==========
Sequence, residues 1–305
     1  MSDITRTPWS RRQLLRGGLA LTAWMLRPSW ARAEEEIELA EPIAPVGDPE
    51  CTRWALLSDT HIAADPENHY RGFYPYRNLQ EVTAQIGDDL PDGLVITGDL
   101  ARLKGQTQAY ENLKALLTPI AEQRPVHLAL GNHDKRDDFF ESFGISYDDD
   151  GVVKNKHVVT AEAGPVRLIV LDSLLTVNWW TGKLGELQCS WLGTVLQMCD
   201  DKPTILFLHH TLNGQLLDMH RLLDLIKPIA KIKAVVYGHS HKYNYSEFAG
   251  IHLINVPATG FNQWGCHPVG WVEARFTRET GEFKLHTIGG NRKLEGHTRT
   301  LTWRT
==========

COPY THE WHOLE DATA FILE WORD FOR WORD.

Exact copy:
Sequence, residues 1–305
     1  MSDITRTPWS RRQLLRGGLA LTAWMLRPSW ARAEEEIELA EPIAPVGDPE
    51  CTRWALLSDT HIAADPENHY RGFYPYRNLQ EVTAQIGDDL PDGLVITGDL
   101  ARLKGQTQAY ENLKALLTPI AEQRPVHLAL GNHDKRDDFF ESFGISYDDD
   151  GVVKNKHVVT AEAGPVRLIV LDSLLTVNWW TGKLGELQCS WLGTVLQMCD
   201  DKPTILFLHH TLNGQLLDMH RLLDLIKPIA KIKAVVYGHS HKYNYSEFAG
   251  IHLINVPATG FNQWGCHPVG WVEARFTRET GEFKLHTIGG NRKLEGHTRT
   301  LTWRT